Alessandria, city (1991 pop. 90,753), capital of Alessandria prov., in Piedmont, NW Italy, at the confluence of the Tanaro and Bormida rivers. It is an industrial center and agricultural market. Manufactures include wine, furniture, machinery, paper, and hats. Alessandria was built (1164-67) as a stronghold of the Lombard League and was named for Pope Alexander III. At first a free commune, the city passed in 1348 to the duchy of Milan and, in 1707, to the duke of Savoy. Alessandria was the scene of a pro-Mazzini conspiracy in 1833. There are two 13th-century churches and remains of the city's medieval fortifications.

Alessandria (Lissandria in Piedmontese) is a city in Piedmont, Italy, and the capital of the Province of Alessandria. The city is sited on the river Tanaro, c. 90 km southeast of Turin.

Alessandria is also a major railway hub.


Alessandria was founded in 1168 upon a preexisting urban nucleus, to serve as a stronghold for the Lombard League, defending the traditional liberties of the communes of northern Italy against the Imperial forces of Frederick Barbarossa. Alessandria stood in the territories of the marchese of Monferrato, a staunch ally of the Emperor, with a name assumed in 1168 to honor the Emperor's opponent, Pope Alexander III. In 1174–75 the fortress was sorely tested by Imperial siege and stood fast. A legend (related in Umberto Eco's book Baudolino, and which recalls one concerning Bishop Herculanus’ successful defense of Perugia several centuries earlier) says it was saved by a quick-witted peasant, Gagliaudo: he fed his cow with the last grain remaining within the city, then took it outside the city walls until he reached the Imperial camp. Here he was captured, and his cow cut open to be cooked: when the Imperials found the cow's stomach filled with grain, Gagliaudo was asked the reason to waste such a rich meal. He answered that he was forced to feed his cow with grain because there was such a lot of it, and no room to place it within the city. The Emperor, fearing that the siege would last too long, left Alessandria free. (Malaria was probably the real cause of his departure.) A statue of Gagliaudo can be found on the left corner of the city cathedral. Alessandria was granted a charter as a free commune in 1198, but entered into jealous conflicts with the older communes of the region, in particular with Asti.

In 1348 Alessandria fell into the hands of the Visconti and passed with their possessions to the Sforza, following the career of Milan, until 1707, when it was ceded to the House of Savoy and henceforth formed part of Piedmont.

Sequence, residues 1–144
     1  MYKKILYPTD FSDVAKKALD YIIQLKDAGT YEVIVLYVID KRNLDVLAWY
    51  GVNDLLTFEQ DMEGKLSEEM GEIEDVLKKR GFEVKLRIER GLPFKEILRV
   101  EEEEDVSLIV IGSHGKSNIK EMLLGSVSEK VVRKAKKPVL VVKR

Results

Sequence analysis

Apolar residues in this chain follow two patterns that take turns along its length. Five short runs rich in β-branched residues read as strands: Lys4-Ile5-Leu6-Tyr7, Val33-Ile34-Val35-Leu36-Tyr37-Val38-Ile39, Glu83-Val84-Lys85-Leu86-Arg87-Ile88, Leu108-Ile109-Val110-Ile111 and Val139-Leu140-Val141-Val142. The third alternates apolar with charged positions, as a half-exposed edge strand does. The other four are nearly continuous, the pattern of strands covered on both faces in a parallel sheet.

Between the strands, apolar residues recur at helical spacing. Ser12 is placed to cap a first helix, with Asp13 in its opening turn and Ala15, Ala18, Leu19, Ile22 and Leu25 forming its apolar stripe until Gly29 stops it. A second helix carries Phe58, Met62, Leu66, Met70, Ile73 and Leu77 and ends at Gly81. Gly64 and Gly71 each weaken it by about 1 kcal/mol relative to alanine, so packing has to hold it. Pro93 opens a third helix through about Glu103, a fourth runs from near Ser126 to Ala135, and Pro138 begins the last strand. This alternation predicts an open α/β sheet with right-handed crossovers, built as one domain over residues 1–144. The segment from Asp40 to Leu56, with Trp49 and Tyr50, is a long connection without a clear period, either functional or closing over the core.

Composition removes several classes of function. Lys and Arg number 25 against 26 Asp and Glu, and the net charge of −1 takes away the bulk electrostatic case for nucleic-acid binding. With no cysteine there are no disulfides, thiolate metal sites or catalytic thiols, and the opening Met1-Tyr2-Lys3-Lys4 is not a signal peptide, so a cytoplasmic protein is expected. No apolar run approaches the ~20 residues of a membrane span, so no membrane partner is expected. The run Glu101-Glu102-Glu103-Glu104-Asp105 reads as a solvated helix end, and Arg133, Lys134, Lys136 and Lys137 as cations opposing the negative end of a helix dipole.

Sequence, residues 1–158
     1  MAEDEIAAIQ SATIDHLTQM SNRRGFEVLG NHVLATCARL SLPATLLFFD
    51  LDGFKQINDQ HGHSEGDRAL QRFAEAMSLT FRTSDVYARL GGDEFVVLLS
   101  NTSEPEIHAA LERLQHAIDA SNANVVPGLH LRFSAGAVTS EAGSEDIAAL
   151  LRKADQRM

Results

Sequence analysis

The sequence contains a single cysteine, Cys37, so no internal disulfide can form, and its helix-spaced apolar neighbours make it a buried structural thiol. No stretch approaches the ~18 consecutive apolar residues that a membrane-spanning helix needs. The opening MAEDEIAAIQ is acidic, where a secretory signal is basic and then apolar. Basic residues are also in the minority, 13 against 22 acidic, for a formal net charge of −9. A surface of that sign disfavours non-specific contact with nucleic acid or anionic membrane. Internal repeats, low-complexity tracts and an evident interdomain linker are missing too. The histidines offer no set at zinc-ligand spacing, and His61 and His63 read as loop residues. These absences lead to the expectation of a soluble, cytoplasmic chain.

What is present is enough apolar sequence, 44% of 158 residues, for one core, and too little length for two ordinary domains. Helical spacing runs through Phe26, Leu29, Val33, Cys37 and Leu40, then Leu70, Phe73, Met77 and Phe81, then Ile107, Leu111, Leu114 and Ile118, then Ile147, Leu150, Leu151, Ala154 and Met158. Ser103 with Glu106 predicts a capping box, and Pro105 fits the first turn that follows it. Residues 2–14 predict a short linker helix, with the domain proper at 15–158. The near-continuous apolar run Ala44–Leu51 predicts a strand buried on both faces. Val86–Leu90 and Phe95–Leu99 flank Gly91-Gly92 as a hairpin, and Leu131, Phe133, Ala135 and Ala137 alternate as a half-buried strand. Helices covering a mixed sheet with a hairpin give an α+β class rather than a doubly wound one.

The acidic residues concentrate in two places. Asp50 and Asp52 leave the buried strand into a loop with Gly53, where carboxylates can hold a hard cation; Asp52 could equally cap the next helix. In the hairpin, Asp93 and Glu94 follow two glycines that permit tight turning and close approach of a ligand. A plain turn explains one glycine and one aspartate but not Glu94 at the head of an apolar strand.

With Napoleon's success at the Battle of Marengo (1800), it fell to France and became the capital of the Napoleonic Département of Marengo. During this period a substantial fort was built to the north of the city containing impressive and substantial barracks which are still used as a military HQ and stores (2006). The remains of a second fort to the south of the city (Christo quarter) have been sliced in two by a railway.

From 1814 Alessandria was Savoyard territory once more, part of the Kingdom of Sardinia.

During the years of the Risorgimento, Alessandria was an active center of the liberals.

In a suburb, Spinetta Marengo, the Battle of Marengo is reenacted annually, on June 14.

Alessandria was the first capital of an Italian province to be governed by a Socialist: the clockmaker Paolo Sacco was elected sindaco. July 25, 1899.

Alessandria was a tactical military target during World War II and was subjected to intense Allied bombing, the most serious being the raids of April 30, 1944, with 238 dead and hundreds wounded, and April 5, 1945, with 160 deaths, among them 60 children from the children's asylum in Via Gagliaudo. On end of that month the city was liberated of the German occupation (1943-1945) by the partisan resistance and troops of Brazilian Expeditionary Force

On November 6, 1994 the Tanaro flooded a good part of the city, causing major damage, especially in the Orti quarter.

Main sights


  • The Marengo Battle Museum
  • Antiquarium Forum Fulvii
  • Sale d'arte
  • I percorsi del Museo Civico
  • Museo del Fiume
  • Museo di Scienze Naturali e Planetario
  • Museo Etnografico "C'era una volta"
  • Museo del Cappello Borsalino

Sistema dei musei civici


People born in Alessandria

Twin towns

See also

  • Villa del Foro, a western suburb of the town which was the site of a Roman settlement.

External links

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